Study: The Mittelstand Views Compliance as an Opportunity

Ma­nage­ment of­ten has ne­ga­tive as­so­cia­ti­ons with the term "com­pli­ance." At the same time – most re­cently since the se­rious com­pli­ance vio­la­ti­ons at such com­pa­nies as Sie­mens, Te­le­kom, ADAC and Volks­wa­gen – the an­xiety over sub­stan­tial in­ci­dents in the area of com­pli­ance runs deep among busi­ness lea­ders: there is a th­reat of ma­jor con­se­quen­ces for both the com­pany and the in­di­vi­dual. Com­pli­ance is thus an is­sue not only for ma­jor (DAX in­dex) cor­po­ra­ti­ons, but also for the Mit­tel­stand. Ac­cor­ding to a study done by Eb­ner Stolz in con­junc­tion with the F.A.Z. In­sti­tute and Forsa, a pu­blic opi­nion pol­ling cen­ter, for the Mit­tel­stand, the hig­hest prio­ri­ties con­nec­ted with com­pli­ance are con­for­mity with the law and the avo­idance of lia­bi­lity. In­cre­asin­gly, the Mit­tel­stand is also aware that com­pli­ance can of­fer ad­di­tio­nal ad­van­ta­ges. At the top of that list are aug­men­ted se­cu­rity at 90%, in­crea­sed trans­pa­rency at 88%, and im­pro­ved re­pu­ta­tion at 78%. As Dr. Uta-Ma­ria Ohn­dorf, Ma­na­ging Di­rec­tor at Ro­che Dia­gnostics in Bel­gium, a par­ti­ci­pant in our study, re­por­ted, her own ex­pe­ri­ence is that good com­pli­ance pro­du­ces con­fi­dence, and not just in a fi­nan­ci­ally tan­gi­ble way; it also af­fords a clear com­pe­ti­tive ad­van­tage in the mar­ket­place.

Compliance© Thinkstock

In which areas is the in­tro­duc­tion of com­pli­ance struc­tures most im­port­ant for the Mit­tel­stand? Most fre­quently men­tio­ned in this re­gard were data pro­tec­tion at 98% and IT se­cu­rity at 92%, clo­sely fol­lo­wed by em­ploy­ment law and tax law (at 86% and 82%). This is no sur­prise: ac­cor­ding to our as­sess­ment, the tax aut­ho­ri­ties are well equip­ped for au­dits and use au­diting soft­ware to sys­te­ma­ti­cally ana­lyze the data in the ope­ra­tio­nal ac­coun­ting sys­tem. Stef­fen Demuß, Di­rec­tor of Ta­xa­tion and Com­pli­ance for co­pier ma­nu­fac­turer König & Bauer AG, con­firms our own ob­ser­va­ti­ons and, as part of our study, ex­plains how a Tax Com­pli­ance Ma­nage­ment Sys­tem at König & Bauer looks. Sönke Gooß, CFO of ed­ding AG, adds that au­di­tors pay par­ti­cu­lar at­ten­tion to vo­lume ta­xes, sa­les ta­xes, wage ta­xes and trans­fer pri­cing.

How does the Mit­tel­stand put com­pli­ance re­qui­re­ments into ac­tion in­ter­nally? These com­pa­nies take a far more ca­sual at­ti­tude than ma­jor cor­po­ra­ti­ons. Thus, com­pre­hen­sive com­pli­ance ma­nage­ment sys­tems are pre­sent in less than one-half of such com­pa­nies. In­stead, in­di­vi­dual mea­su­res in­sti­tu­ted by ma­nage­ment or di­vi­sion di­rec­tors are most com­mon. This is ju­sti­fied by the struc­ture of the Mit­tel­stand, with its flat hier­ar­chies and di­rect chan­nels of com­mu­ni­ca­tion: com­pli­ance mea­su­res can be pha­sed in gra­dually in in­di­vi­dual mo­du­les, ac­cor­ding to the de­gree of risk. Smal­ler Mit­tel­stand com­pa­nies in par­ti­cu­lar have re­co­gnized that they are lag­ging be­hind. Fifty-eight per­cent of such com­pa­nies have in­di­ca­ted that in­vest­ments in com­pli­ance will rise in the fu­ture.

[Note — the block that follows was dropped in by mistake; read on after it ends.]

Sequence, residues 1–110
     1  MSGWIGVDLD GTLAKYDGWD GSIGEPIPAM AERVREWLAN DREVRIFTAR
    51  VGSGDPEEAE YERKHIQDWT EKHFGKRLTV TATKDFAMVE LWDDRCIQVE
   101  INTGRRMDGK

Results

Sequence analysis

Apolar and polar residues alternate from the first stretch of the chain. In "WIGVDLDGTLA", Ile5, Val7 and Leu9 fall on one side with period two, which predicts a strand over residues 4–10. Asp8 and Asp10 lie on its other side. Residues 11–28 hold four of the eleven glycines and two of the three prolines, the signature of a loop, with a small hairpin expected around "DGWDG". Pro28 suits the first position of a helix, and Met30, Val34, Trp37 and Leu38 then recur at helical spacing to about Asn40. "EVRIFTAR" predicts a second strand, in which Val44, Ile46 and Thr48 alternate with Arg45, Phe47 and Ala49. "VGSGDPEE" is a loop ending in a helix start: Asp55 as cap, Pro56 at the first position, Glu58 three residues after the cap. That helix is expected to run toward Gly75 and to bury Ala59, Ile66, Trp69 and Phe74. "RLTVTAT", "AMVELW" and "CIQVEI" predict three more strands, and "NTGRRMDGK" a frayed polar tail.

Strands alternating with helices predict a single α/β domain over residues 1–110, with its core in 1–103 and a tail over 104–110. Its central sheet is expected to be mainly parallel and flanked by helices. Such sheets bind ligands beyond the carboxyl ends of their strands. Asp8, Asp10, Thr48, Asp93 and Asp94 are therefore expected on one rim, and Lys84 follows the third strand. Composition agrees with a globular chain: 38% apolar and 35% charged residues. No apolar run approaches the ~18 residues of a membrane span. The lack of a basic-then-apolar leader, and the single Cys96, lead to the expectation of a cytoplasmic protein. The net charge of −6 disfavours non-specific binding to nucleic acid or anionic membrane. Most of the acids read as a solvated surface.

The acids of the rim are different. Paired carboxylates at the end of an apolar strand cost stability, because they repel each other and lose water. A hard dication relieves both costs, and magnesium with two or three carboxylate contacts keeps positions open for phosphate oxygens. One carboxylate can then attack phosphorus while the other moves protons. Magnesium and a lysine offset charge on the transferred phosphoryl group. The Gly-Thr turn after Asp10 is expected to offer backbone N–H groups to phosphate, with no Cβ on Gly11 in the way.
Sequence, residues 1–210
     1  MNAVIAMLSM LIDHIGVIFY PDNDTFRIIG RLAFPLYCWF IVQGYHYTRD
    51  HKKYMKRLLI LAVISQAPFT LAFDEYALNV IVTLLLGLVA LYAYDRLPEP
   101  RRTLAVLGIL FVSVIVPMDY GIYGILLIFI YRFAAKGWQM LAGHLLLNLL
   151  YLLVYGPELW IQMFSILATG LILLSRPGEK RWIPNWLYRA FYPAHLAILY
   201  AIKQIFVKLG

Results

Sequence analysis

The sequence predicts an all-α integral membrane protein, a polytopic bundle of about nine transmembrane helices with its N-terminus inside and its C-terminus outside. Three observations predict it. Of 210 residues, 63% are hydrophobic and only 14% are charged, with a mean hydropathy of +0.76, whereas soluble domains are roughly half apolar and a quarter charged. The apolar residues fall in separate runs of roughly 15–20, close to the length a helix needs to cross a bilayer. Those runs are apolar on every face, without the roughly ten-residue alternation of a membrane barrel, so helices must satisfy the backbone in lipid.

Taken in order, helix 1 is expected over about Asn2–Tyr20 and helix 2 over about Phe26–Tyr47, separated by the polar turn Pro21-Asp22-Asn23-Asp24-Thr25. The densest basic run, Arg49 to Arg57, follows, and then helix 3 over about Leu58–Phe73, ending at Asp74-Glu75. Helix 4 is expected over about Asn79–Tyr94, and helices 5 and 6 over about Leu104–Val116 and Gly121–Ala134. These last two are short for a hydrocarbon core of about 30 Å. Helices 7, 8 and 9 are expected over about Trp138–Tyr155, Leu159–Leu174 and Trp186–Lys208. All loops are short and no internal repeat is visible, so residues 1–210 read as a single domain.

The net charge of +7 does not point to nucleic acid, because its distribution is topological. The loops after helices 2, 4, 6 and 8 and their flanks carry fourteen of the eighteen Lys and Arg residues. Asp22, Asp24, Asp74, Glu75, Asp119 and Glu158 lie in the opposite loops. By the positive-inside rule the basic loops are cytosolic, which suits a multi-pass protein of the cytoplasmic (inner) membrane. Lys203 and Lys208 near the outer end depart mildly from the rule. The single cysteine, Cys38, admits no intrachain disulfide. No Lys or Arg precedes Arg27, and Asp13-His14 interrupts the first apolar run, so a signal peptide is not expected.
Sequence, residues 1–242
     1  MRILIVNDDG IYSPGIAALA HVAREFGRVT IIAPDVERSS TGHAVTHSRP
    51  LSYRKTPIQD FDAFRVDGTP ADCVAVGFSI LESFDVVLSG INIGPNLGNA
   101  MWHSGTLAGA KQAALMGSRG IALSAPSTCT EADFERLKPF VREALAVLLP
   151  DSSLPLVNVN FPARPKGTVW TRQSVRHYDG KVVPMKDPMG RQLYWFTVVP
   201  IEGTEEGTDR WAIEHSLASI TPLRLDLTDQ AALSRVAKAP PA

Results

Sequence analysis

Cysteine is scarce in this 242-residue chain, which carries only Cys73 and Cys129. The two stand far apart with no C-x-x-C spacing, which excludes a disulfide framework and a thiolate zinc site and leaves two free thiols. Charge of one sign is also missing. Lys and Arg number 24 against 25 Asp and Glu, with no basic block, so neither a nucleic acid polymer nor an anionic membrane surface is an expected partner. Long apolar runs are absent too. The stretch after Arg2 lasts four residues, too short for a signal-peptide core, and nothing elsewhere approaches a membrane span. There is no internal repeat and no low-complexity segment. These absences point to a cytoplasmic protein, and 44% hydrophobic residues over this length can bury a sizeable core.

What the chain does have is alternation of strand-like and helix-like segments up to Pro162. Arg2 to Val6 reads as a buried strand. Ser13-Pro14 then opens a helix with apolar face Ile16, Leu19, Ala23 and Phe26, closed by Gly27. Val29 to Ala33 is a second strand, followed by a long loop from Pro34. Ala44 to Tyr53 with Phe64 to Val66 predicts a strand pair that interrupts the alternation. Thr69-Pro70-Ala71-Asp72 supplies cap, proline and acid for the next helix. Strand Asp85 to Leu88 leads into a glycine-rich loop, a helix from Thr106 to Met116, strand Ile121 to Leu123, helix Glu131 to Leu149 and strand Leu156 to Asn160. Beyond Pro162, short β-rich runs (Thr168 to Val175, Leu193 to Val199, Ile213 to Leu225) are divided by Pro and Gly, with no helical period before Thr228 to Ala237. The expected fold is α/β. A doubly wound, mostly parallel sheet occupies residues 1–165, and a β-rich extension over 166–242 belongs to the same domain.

With re­spect to in­tro­du­cing com­pli­ance struc­tures, those com­pa­nies that have cle­arly de­fi­ned pro­ce­du­res have the ad­van­tage. Ac­cor­ding to Dr. Ul­rich Schulz, Exe­cu­tive Di­rec­tor for Com­pli­ance at COR­PUS SI­REO, a par­ti­ci­pant in our study, in such ca­ses, these pro­ce­du­res can sim­ply be ex­pan­ded to show where image is­sues, va­lue streams and lia­bi­lity risks exist.

Com­pli­ance struc­tures can be im­ple­men­ted bet­ter when the cor­rect re­sour­ces are used. De­pen­ding on the size of the com­pany, these may in­clude Ex­cel spre­adsheets, do­cu­ment ma­nage­ment sys­tems, or com­pre­hen­sive com­pli­ance ma­nage­ment sys­tems. As Det­lef Bräuer, Di­rec­tor of Ope­ra­ti­ons for SER So­lu­ti­ons Deutsch­land GmbH, ex­plai­ned to Pe­ter Ring­beck, Di­rec­tor of IT and Or­ga­niza­tion for DG HYP in Ham­burg, in a talk about im­ple­men­ting a do­cu­ment ma­nage­ment sys­tem, using ap­pro­priate re­sour­ces ma­kes pro­ce­du­res sim­pler and more ef­fi­ci­ent for em­ployees and ea­sier for au­di­tors to re­con­struct.

The Mit­tel­stand can­not avoid cen­sure for ne­gli­gent or even in­ten­tio­nally im­pro­per tran­sac­tions (the lat­ter can exist even in the case of “ta­cit ac­cep­tance”) sim­ply by in­tro­du­cing com­pli­ance struc­tures. As the Fe­deral Mi­nis­try of Fi­nance an­noun­ced in a re­cent let­ter, an in­ter­nal tax con­trol sys­tem can be one in­di­ca­tor ne­ga­ting the pre­sence of in­tent or ne­gli­gence. But com­pli­ance struc­tures and gui­de­lines must not be re­du­ced to a “pa­per ti­ger.” Ra­ther, the tone for com­pli­ance must be set “from the top.” Ul­rich Ro­th­fuchs, a com­pli­ance of­fi­cer at DE­KRA, re­gards com­pli­ance as a ma­nage­ment func­tion, since com­mu­ni­ca­tion, au­then­ti­city and cre­di­bi­lity are cri­ti­cal to de­ter­mi­ning whe­ther peo­ple will get the mes­sage. Once the mes­sage is re­cei­ved, con­trol mea­su­res can re­turn to the back­ground.

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